Addressing Stigmatizing Environments to Reduce Sexual Minorities’ Health Disparities

In the last two decades, the United States has been a stage for significant increase in equality for the LGBTQ community as seen by the legalization of same-sex marriage, progress in HIV prevention and treatment, medical support for eradicating conversion therapy, among other advances. However, according to research by Jes L. Matsick, Britney M. Wardecker, and Flora Oswald in “Treat Sexual Stigma to Heal Health Disparities: Improving Sexual Minorities’ Health Outcomes,” they continue to experience a high amount of sexual stigma which is related to a number of psychological and physical health problems. 

These problems can be explained by the health disparities sexual minorities face in contrast with heterosexual people. Social psychologists have suggested that what causes these disparities are stigmatizing environments rather than sexual orientation itself, as explained by the authors in the Policy Insights from the Behavioral and Brain Sciences article. 

Sexual stigma devalues and excludes sexual minorities in many different ways, be it verbally, physically, in public sectors, in medical care, in professional contexts, or in education. The sexual prejudice and heterosexism that emerge as a result of the internalization of this stigma by those who enact it serve to reinforce the discrimination that sexual minorities face on a daily basis. Additionally, recent political progress has given way to alternative forms of stigma that are subtler but just as intolerant, if not more.

The way that minorities experience stigma can also vary within historical context, race, social class, geographic location, stressors, and even sexual minority subgroups. More disadvantaged groups are generally at greater risk for poorer health.

Evidence shows that changing stigmatizing environments is key to reducing health disparities. The authors present several recommendations to reduce sexual stigma at the intraindividual, interpersonal, and institutional levels.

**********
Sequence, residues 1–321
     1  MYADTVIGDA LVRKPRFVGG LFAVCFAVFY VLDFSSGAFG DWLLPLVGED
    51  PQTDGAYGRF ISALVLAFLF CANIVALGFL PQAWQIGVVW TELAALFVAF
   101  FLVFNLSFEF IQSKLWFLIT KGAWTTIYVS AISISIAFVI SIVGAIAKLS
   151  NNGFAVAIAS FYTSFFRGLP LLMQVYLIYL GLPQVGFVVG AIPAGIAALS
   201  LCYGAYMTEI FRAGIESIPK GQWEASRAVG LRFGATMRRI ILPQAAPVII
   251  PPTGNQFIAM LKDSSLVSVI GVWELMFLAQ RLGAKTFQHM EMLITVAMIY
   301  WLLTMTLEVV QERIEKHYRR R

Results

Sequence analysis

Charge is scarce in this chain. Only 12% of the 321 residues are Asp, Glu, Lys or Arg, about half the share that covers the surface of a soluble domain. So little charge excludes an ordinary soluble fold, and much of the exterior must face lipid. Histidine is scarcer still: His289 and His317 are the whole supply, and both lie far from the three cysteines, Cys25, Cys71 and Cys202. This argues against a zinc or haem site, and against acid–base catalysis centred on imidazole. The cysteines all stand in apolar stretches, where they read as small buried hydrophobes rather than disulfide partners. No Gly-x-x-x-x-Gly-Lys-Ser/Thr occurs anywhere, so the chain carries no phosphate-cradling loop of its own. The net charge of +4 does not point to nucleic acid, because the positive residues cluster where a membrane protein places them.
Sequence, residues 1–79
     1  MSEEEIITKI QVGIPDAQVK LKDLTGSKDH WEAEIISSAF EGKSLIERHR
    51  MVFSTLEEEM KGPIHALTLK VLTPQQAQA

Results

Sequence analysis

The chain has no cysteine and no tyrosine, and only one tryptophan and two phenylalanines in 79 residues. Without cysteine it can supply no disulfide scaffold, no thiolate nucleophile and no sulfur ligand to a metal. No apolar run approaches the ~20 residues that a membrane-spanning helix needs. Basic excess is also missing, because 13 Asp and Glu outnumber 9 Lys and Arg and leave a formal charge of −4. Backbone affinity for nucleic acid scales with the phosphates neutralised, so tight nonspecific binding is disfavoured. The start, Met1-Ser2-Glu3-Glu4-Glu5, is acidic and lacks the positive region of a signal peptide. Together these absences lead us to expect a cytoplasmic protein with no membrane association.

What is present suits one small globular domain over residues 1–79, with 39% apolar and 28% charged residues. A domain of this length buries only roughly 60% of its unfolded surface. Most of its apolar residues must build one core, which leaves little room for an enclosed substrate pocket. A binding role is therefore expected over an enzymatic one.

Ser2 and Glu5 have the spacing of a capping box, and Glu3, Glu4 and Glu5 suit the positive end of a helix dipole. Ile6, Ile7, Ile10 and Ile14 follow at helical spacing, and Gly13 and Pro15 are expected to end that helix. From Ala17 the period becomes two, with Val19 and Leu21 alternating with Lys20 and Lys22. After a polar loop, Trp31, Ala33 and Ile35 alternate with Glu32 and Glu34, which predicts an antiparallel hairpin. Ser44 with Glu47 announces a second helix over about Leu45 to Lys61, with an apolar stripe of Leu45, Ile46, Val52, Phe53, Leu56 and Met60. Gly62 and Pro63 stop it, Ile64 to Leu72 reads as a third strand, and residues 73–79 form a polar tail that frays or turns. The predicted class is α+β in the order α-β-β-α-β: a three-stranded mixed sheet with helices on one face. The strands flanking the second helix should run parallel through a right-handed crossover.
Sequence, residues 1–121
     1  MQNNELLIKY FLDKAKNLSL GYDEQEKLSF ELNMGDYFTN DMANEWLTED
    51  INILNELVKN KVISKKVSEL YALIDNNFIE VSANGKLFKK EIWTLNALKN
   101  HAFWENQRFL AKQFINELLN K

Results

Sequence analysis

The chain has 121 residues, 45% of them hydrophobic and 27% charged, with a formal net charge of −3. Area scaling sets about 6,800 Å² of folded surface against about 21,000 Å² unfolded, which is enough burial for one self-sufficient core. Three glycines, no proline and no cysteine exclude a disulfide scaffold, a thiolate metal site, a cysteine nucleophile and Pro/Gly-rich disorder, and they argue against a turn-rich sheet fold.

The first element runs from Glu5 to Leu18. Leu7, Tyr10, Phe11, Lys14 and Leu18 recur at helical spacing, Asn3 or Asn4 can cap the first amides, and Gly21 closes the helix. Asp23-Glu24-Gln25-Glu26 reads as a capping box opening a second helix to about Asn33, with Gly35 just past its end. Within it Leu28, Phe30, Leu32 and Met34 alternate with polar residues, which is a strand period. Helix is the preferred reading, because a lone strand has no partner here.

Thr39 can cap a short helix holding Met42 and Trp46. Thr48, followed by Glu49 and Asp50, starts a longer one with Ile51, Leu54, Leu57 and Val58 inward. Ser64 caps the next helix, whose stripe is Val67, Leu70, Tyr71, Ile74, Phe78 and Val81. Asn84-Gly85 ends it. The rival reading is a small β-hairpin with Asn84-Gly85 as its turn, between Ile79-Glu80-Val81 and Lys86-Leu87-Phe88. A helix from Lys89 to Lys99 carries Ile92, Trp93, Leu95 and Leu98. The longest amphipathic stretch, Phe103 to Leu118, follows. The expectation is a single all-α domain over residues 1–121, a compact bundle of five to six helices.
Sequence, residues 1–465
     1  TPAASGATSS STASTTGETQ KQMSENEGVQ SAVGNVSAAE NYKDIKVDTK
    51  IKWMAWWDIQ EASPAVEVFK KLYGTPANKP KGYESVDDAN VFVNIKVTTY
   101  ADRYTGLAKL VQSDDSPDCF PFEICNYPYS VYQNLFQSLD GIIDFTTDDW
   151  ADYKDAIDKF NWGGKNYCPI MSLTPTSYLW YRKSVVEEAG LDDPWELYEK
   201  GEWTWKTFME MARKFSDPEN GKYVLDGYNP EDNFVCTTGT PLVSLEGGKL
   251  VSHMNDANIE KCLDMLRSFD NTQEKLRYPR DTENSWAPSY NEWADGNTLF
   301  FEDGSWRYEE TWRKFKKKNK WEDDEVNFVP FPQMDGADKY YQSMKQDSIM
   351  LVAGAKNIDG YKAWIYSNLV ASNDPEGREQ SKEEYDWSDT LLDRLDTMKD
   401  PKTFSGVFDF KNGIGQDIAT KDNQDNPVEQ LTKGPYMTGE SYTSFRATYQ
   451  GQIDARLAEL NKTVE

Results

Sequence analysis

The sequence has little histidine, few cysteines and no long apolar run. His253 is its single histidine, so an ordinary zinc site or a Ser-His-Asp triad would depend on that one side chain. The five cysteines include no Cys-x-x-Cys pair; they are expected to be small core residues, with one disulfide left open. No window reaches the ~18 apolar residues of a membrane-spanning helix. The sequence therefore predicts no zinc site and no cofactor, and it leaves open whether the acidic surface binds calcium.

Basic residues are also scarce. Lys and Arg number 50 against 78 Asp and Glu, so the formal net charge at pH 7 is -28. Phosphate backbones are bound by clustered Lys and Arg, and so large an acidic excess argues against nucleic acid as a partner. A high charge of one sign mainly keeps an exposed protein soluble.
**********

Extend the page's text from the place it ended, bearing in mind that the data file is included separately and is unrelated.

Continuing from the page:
At the intraindividual level, heterosexual individuals are encouraged to minimize prejudice and increase allyship. The former can be achieved through intergroup contact, perspective taking, and empathy. The latter can be achieved when these individuals shift their expressions of support from passive and neutral to supportive and accepting. Sexual minorities feel a greater sense of belonging and experience better psychological health when allies actively educate themselves and publicly advocate for LGBTQ rights.

At the interpersonal level, organizations and communities can promote initiatives in school and university settings like Gay-Straight Alliances and workshops. These can educate heterosexual people as well as help LGBTQ students feel safer and perform better academically. Additionally, fostering more connected communities and spaces can promote inclusion and improve sexual minorities’ mental health.

Finally, at the institutional level, researchers can be more mindful of diversifying the representation in their studies, take newer forms of prejudice into consideration, and give more recognition to sexual minorities’ strengths and positive experiences rather than only the negative ones. Lawmakers can promote inclusive policies that protect sexual minorities and contribute to better health.

The evidence-based suggestions provided by the authors can be a key to target all members of society into changing stigmatizing environments rather than expecting minorities to always take matters into their own hands. In other words, “minorities should not have to fix social problems that they had little hand in creating.” In this way, more positive health outcomes can become possible for these groups.